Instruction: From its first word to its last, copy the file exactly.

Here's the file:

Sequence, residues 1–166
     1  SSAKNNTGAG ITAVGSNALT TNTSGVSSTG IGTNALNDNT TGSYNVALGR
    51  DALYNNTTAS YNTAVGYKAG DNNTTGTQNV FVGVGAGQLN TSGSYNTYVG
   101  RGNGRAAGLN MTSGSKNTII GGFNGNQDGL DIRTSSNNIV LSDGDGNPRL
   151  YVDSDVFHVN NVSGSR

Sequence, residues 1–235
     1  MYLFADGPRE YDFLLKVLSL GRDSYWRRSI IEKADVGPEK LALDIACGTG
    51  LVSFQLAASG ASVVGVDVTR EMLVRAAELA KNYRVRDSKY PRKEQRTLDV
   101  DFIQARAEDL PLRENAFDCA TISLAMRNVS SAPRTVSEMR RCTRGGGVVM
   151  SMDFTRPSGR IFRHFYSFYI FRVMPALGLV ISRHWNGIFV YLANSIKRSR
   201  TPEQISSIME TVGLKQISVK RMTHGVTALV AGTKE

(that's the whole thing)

Sequence, residues 1–166
     1  SSAKNNTGAG ITAVGSNALT TNTSGVSSTG IGTNALNDNT TGSYNVALGR
    51  DALYNNTTAS YNTAVGYKAG DNNTTGTQNV FVGVGAGQLN TSGSYNTYVG
   101  RGNGRAAGLN MTSGSKNTII GGFNGNQDGL DIRTSSNNIV LSDGDGNPRL
   151  YVDSDVFHVN NVSGSR

Sequence, residues 1–235
     1  MYLFADGPRE YDFLLKVLSL GRDSYWRRSI IEKADVGPEK LALDIACGTG
    51  LVSFQLAASG ASVVGVDVTR EMLVRAAELA KNYRVRDSKY PRKEQRTLDV
   101  DFIQARAEDL PLRENAFDCA TISLAMRNVS SAPRTVSEMR RCTRGGGVVM
   151  SMDFTRPSGR IFRHFYSFYI FRVMPALGLV ISRHWNGIFV YLANSIKRSR
   201  TPEQISSIME TVGLKQISVK RMTHGVTALV AGTKE